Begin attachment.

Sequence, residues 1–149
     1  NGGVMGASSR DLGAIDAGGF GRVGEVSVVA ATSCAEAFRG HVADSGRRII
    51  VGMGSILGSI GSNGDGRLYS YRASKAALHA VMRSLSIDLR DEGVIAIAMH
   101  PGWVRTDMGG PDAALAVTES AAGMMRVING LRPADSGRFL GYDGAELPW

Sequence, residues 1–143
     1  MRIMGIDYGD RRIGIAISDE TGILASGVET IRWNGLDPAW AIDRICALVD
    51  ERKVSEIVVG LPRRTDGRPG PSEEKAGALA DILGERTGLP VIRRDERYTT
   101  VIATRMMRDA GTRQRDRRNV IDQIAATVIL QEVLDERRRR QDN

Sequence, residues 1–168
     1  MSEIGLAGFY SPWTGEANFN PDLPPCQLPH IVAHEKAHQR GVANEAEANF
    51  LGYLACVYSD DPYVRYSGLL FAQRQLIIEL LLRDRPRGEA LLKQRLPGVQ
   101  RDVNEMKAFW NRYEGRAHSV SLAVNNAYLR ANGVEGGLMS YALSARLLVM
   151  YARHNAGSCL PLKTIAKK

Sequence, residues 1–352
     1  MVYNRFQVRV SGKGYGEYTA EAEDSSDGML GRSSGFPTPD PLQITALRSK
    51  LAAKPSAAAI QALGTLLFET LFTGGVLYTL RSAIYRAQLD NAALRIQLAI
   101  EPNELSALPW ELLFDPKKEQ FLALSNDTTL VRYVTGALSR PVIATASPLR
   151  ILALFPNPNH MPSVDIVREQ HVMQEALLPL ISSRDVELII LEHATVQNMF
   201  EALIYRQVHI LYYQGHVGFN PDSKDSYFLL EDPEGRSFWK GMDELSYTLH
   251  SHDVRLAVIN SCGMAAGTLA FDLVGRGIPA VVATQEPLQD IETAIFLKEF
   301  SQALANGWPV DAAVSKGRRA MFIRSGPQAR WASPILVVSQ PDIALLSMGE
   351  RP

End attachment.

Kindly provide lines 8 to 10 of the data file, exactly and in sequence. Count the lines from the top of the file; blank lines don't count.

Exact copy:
   101  VIATRMMRDA GTRQRDRRNV IDQIAATVIL QEVLDERRRR QDN

Sequence, residues 1–168
     1  MSEIGLAGFY SPWTGEANFN PDLPPCQLPH IVAHEKAHQR GVANEAEANF